Second, vocational education and training (VET) is quantitatively the backbone of Swiss upper-secondary education and not just a niche offered in the education system. Almost two thirds of graduates from compulsory schooling opt for VET, and less than 30% opt for general education (BFS, 2016). Successful graduates from VET receive a nation-wide recognised diploma, which not only certifies their work-related skills but also entitles them to further education in professional schools or colleges. Only about 10% of the VET programmes are fully school-based, and the rest of the students opt for apprenticeships that combine work-based learning with school-based education (therefore also called dual education). The apprentice signs a binding, temporary (either 3 or 4 years) valid contract offered by a (private) firm for 1 of the over 200 different training occupations. The firm provides on-the-job training during 3 to 4 days of the week, so that the apprentice receives an occupation-specific training programme. For the rest of the time, the apprentice attends one of the vocational schools where he/she receives further vocational and general training.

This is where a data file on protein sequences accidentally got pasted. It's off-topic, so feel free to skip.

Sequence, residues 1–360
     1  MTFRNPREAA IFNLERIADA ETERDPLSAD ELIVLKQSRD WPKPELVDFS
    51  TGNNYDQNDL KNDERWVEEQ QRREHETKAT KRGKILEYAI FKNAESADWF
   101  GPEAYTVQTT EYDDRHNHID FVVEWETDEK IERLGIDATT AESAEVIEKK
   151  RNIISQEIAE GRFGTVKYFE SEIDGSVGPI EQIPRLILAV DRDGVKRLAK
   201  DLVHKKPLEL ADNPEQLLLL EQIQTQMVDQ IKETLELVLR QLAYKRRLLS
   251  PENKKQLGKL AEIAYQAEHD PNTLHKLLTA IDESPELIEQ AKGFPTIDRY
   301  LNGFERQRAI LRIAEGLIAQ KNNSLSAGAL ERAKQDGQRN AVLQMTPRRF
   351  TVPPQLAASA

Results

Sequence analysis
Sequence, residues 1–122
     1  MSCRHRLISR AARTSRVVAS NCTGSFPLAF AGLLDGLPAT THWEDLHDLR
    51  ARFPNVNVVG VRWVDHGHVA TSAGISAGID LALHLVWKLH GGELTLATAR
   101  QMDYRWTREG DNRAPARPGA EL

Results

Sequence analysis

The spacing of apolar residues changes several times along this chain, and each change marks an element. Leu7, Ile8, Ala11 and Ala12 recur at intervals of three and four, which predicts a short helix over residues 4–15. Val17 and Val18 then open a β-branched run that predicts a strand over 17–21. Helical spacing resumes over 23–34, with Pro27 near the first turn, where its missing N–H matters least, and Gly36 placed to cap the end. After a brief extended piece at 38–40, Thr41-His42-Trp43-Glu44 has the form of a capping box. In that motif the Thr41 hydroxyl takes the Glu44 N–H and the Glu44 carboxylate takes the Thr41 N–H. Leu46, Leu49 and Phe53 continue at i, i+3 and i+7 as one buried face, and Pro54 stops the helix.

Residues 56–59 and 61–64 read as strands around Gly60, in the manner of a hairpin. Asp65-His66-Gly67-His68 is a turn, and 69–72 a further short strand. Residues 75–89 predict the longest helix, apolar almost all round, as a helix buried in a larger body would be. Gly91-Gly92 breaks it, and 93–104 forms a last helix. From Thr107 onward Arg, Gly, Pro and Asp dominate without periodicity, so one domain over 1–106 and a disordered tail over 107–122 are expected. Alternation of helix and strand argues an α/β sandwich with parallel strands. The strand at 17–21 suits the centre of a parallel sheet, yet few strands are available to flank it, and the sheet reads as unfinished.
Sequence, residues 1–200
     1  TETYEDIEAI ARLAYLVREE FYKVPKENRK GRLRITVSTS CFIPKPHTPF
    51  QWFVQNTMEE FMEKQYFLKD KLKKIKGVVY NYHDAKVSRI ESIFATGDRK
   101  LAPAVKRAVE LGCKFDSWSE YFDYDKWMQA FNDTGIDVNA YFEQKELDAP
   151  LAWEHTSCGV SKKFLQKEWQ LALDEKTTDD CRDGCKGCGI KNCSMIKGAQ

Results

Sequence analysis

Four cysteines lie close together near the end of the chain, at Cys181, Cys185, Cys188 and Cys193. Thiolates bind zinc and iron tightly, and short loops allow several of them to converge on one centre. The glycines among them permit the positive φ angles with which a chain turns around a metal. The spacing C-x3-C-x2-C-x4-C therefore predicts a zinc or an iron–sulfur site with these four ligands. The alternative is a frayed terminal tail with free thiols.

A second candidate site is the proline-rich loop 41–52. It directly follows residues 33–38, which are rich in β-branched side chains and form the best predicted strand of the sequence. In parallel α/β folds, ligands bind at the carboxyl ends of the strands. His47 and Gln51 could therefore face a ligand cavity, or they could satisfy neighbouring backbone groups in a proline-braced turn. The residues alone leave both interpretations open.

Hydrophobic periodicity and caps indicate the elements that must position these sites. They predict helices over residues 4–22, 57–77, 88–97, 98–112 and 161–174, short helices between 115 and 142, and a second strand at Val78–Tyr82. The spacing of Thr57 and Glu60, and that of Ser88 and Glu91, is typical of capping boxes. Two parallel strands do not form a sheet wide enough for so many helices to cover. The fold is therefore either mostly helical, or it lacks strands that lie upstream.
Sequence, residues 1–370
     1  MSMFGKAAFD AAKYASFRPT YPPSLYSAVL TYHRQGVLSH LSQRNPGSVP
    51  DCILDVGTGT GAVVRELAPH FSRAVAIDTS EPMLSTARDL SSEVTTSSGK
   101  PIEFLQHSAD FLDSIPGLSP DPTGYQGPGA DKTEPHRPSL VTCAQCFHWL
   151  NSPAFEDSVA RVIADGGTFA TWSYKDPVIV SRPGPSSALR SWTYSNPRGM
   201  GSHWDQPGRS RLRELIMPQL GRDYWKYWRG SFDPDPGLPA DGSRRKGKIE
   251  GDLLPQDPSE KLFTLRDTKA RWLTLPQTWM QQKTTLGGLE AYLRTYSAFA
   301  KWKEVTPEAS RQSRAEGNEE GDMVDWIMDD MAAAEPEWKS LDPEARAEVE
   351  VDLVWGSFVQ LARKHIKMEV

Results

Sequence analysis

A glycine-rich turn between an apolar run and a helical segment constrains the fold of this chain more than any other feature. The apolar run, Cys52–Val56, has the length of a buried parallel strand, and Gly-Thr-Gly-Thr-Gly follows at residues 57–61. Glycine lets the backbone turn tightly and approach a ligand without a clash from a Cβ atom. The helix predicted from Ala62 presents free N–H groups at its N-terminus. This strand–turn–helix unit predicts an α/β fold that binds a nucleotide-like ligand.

The ‘dual’ approach to workplace training and school-based training implies that the public (i.e. government and cantons), and the firms share the costs for education and training. While the training in some occupations leaves firms with net costs after training, most firms in Switzerland break even or have a net benefit at the end of the training period, when apprentices are free to leave the firm (Muehlemann & Wolter, 2014). The net benefit arises because the productive contribution of apprentices during the training period exceeds the costs, which are mainly the apprentice’s pay and the expenses for trainers. Previous research has shown that the expected net costs or the net benefit has an impact on the training decision of firms (Muehlemann, Schweri, Winkelmann, & Wolter, 2007). Therefore, one would expect that factors that have an impact on the potential productive contribution of apprentices should also affect the number of apprenticeships.